In this case it is difficult for John to determine if he is getting card advantage, since he doesn’t know what I have in my hand or how he has changed my plan, but the card advantage is still there.
The theory seems to make sense to this point. If you are getting card advantage on your opponent (actual, virtual or both), then all things being equal, you should win more games. Now let’s take the above examples and apply them to a multiplayer game.
Example 1: Aaron and I are in a multiplayer game with John and Eric. I play Leonin Skyhunter. On my next turn I hum and haw a while, then decide to attack Aaron. Aaron targets the Skyhunter with Go For The Throat and kills it. Who gets the card advantage in this scenario? John and Eric are the winners here. They used zero cards while Aaron and I each lost one card.
Example 2: I play Leonin Skyhunter. On my next turn I hum and haw a while (I hum and haw a lot), then decide to attack Aaron. If figure I’m going to be particularly mean to Aaron and play Tainted Strike. Aaron targets the Skyhunter with Go For The Throat and kills it. Who gets the card advantage here? No, not Aaron. Not anymore. John and Eric spent no cards, Aaron spent one and I spent two. John and Eric are the winners here, while Aaron and I (especially me) were the losers.
Example 3: John and I are in a multiplayer game with Eric and Aaron. John plays Aven Mindcensor. I have a Demonic Tutor, a Mystical Tutor, and a Planar Portal in my hand. Who are the winners here? Eric and Aaron. They played no cards and have no tutors in hand, so John’s Aven Mindcensor gives him no virtual card advantage on them. John played out one card, and I have three cards in my hand I can’t play.
I suspect you can see where this is going. It appears that never playing any cards is the best way to gain card advantage. In theory, this is true, but that brings card advantage theory to a level of absurdity. We all know that you must play some number of cards from your hand or you will eventually lose for lack of a defense.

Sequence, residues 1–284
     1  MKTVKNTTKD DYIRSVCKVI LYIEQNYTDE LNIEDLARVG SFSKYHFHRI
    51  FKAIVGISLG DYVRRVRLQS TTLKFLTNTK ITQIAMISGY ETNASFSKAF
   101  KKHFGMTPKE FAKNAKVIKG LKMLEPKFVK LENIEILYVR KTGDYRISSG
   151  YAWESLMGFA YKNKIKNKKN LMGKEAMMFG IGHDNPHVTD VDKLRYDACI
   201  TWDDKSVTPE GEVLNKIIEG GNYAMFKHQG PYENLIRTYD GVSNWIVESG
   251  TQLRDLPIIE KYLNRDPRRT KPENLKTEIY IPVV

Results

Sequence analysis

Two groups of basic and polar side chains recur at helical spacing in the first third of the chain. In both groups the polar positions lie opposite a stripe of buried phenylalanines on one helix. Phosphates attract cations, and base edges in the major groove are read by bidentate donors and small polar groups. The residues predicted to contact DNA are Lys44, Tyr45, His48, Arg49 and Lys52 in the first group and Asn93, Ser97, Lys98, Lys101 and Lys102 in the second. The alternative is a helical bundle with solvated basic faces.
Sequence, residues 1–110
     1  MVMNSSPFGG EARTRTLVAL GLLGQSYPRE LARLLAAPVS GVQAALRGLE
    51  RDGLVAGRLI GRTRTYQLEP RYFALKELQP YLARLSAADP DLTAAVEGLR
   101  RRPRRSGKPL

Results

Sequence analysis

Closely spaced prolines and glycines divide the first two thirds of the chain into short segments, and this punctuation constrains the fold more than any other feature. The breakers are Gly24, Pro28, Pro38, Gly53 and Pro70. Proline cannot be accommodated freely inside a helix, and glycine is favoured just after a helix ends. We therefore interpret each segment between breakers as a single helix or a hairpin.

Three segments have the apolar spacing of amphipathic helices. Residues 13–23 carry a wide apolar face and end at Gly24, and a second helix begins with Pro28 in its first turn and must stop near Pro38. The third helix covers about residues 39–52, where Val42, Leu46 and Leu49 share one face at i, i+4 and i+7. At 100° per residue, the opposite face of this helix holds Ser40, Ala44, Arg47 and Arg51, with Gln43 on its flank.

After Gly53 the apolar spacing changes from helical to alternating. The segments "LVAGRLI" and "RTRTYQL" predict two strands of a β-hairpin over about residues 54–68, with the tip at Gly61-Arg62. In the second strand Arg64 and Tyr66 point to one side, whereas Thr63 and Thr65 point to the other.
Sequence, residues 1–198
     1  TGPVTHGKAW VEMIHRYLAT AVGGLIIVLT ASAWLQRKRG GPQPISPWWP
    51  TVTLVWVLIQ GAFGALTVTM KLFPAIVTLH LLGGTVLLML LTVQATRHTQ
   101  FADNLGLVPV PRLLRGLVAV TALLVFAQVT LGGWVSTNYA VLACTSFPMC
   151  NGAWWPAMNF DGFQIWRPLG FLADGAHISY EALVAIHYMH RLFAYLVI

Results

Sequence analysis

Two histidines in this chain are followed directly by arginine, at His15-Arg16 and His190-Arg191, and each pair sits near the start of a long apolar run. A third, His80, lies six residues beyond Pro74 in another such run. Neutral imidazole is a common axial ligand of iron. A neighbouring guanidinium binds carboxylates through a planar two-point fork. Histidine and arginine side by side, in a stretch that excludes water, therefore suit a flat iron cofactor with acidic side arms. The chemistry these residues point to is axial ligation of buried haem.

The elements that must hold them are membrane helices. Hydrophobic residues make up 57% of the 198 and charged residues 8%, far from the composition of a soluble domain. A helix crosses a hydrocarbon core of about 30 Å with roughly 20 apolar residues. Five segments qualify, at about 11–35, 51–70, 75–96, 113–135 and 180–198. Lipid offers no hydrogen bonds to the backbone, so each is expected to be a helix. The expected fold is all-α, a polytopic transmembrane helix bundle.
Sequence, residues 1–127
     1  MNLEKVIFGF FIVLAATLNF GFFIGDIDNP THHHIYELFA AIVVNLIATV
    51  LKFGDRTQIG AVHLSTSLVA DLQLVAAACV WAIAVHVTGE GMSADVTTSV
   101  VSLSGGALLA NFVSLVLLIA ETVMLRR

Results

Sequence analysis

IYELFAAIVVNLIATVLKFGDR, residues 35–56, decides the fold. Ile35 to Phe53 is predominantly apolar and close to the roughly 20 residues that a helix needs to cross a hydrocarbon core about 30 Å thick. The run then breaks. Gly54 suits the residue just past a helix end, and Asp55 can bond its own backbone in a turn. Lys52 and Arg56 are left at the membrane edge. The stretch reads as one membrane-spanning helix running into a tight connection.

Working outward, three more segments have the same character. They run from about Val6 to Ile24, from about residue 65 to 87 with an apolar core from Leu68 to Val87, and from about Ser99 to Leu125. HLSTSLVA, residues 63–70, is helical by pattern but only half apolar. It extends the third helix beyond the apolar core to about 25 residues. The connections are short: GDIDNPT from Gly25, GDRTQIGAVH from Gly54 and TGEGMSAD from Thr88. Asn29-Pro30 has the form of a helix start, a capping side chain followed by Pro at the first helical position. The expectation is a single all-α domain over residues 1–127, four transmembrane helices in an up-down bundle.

Another thing to consider when looking at card advantage in multiplayer is whether the other players in the game are actually your opponents. At different points in different games, some players are working towards a common goal. Let’s run another example.
Example 4: Eric has Supreme Exemplar, Primeval Titan, and three 3/1 Elemental Shaman tokens in play. Great cards and really good start! I have a Mother of Runes, John has a Dream Fighter (he really liked that article!), and Aaron has a Soul Warden. Eric has a board position that puts him as the clear leader in the game. If Aaron uses his Go For The Throat to kill Eric’s Primeval Titan, who gets card advantage?
According to the Example 1 above, John and I get card advantage. However, since the three of us are likely working together to take down Eric, the three of us could be viewed as a single entity, so the tradeoff was even and there was no card advantage. In fact the 1 for 1 trade works in our favour, since we are drawing three cards per turn and Eric is drawing only one. If we can continue to trade one of one, after not very long, Eric will no longer be the threat. This is another area where playing with multiple players adds another layer to the strategy that Magic offers.
So way back at the start of the article, I said that card advantage will not win you games in multiplayer, but so far, all I’ve shown you are examples were card advantage was a good thing. Let’s look at Consecrated Sphinx.